HSPH researchers support petition calling for limits on added sugars in beverages

The amount of added sugars in soda and other sweetened beverages needs to be regulated, according to a Washington, D.C.-based nutrition advocacy group—and many Harvard School of Public Health (HSPH) researchers agree.

The Center for Science in the Public Interest (CSPI) filed a petition with the U.S. Food and Drug Administration calling for the agency to set limits on added sugars in beverages. The petition was signed by 10 public health departments, a variety of medical organizations, and 42 highly respected nutrition researchers—including seven from HSPH.

While the FDA considers sugar to be a “safe” food at the recommended level of consumption, “Americans are consuming two to three times that much,” CSPI Executive Director Michael Jacobson said at a February 13, 2013 press briefing about the petition. People shouldn’t consume more than eight teaspoons of sugar a day, according to the American Heart Association. But surveys show that people in the U.S. consume an average of 18 to 23 teaspoons a day. A typical 20-ounce bottle of soda has about 16 teaspoons of sugar. Research suggests that Americans’ growing intake of sugary drinks has contributed to the current obesity epidemic and a rise in related diseases like type 2 diabetes, heart disease, and some cancers.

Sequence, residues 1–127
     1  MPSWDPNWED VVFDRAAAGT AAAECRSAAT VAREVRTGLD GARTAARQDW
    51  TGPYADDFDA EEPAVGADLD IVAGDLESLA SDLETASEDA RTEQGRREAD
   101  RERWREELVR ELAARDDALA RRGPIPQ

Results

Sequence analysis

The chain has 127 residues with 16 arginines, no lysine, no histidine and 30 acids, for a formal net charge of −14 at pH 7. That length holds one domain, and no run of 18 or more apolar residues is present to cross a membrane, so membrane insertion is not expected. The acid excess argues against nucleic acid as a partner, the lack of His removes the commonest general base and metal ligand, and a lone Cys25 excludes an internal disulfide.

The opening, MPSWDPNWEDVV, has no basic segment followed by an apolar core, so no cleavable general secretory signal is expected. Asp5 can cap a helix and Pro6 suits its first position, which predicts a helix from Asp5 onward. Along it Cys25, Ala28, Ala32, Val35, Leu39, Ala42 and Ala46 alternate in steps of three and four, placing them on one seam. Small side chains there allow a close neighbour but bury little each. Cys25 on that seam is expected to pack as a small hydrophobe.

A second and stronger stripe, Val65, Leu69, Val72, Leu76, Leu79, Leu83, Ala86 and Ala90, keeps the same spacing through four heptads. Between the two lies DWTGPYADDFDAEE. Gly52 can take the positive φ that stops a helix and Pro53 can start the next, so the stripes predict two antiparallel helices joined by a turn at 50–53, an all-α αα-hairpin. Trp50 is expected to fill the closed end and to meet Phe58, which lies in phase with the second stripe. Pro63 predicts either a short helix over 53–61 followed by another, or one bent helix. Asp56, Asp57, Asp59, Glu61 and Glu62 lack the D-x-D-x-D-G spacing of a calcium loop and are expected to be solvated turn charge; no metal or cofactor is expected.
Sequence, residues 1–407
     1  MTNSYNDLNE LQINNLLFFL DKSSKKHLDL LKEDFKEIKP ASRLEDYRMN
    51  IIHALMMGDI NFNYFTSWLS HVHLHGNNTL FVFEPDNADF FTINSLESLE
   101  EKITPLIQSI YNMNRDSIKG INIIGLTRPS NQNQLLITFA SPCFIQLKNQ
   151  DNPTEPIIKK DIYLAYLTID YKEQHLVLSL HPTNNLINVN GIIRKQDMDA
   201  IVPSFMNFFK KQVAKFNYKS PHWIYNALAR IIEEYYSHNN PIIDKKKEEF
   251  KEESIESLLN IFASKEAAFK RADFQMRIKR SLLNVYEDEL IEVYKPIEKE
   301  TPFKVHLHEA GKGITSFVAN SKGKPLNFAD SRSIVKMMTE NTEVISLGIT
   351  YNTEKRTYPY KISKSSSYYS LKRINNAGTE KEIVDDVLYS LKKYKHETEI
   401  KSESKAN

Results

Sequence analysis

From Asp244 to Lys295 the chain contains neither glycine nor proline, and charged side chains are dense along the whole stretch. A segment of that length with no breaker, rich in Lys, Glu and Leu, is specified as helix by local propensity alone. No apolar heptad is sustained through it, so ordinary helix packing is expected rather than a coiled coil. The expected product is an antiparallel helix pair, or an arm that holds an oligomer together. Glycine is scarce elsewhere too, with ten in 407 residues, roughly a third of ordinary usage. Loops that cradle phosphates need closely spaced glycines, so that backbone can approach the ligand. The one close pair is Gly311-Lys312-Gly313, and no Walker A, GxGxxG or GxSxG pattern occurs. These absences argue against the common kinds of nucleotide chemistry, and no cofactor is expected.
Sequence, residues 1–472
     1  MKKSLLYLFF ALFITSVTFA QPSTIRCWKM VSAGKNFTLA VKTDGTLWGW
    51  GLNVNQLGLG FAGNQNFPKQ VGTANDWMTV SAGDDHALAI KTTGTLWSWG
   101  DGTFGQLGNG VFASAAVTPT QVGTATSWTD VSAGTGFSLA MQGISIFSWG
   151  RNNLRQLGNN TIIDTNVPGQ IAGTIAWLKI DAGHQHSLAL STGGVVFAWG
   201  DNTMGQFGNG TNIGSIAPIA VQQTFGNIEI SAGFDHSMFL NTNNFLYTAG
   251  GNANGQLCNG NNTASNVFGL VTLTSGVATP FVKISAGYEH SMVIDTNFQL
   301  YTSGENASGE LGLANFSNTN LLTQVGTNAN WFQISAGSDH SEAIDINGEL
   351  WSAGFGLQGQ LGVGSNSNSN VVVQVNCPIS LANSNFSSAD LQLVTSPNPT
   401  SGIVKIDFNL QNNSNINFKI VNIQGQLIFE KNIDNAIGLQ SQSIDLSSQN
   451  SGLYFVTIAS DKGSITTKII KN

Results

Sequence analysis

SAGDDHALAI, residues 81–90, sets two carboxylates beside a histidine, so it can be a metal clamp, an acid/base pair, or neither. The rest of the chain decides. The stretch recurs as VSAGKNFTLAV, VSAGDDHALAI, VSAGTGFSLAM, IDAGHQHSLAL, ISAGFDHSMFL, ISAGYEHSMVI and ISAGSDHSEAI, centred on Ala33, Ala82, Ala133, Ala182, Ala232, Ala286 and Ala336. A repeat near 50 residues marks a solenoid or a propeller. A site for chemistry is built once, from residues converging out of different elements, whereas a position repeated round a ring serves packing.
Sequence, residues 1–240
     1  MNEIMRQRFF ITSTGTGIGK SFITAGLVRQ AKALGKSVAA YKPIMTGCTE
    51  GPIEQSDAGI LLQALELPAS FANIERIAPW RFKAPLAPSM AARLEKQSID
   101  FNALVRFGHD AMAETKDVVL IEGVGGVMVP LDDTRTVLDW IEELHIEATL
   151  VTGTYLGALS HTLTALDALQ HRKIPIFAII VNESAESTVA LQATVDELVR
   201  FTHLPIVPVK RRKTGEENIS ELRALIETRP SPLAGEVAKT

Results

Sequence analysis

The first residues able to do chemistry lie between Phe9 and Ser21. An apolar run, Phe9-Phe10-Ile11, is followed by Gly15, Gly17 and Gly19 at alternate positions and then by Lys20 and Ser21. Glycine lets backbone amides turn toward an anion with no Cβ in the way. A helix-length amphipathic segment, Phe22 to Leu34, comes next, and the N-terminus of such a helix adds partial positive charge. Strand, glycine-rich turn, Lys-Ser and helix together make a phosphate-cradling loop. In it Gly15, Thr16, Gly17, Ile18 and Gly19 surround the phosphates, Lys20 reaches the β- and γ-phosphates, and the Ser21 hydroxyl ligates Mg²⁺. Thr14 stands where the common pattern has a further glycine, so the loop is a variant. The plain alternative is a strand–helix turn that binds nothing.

HSPH’s Walter Willett, Fredrick John Stare Professor of Epidemiology and chair of the Department of Nutrition, also spoke at the briefing. He said the CSPI petition focuses on beverages because it’s much easier to overconsume sugar in liquids than solids, according to a February 13, 2013 Los Angeles Times article. Of the 16 teaspoons of added sugar in a 20-ounce soda, he said, “You can gulp it down in a minute or two.”

Read the Los Angeles Times article

Read a Boston Globe article

Read the CSPI press release

Learn more

Sugary drinks and obesity fact sheet (HSPH Nutrition Source)

Sugary drinks or diet drinks: What’s the best choice? (HSPH Nutrition Source)

Regular consumption of sugary beverages linked to increased genetic risk of obesity (HSPH release)

Sodas and other sugar-sweetened beverages linked to increased risk of type 2 diabetes, metabolic syndrome (HSPH release)